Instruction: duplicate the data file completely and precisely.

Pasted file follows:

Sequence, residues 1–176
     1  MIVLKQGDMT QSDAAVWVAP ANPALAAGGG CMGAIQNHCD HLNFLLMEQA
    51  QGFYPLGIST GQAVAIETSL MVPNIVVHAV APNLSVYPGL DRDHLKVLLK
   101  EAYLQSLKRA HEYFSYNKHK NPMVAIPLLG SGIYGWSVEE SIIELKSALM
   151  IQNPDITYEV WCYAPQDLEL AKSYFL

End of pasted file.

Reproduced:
Sequence, residues 1–176
     1  MIVLKQGDMT QSDAAVWVAP ANPALAAGGG CMGAIQNHCD HLNFLLMEQA
    51  QGFYPLGIST GQAVAIETSL MVPNIVVHAV APNLSVYPGL DRDHLKVLLK
   101  EAYLQSLKRA HEYFSYNKHK NPMVAIPLLG SGIYGWSVEE SIIELKSALM
   151  IQNPDITYEV WCYAPQDLEL AKSYFL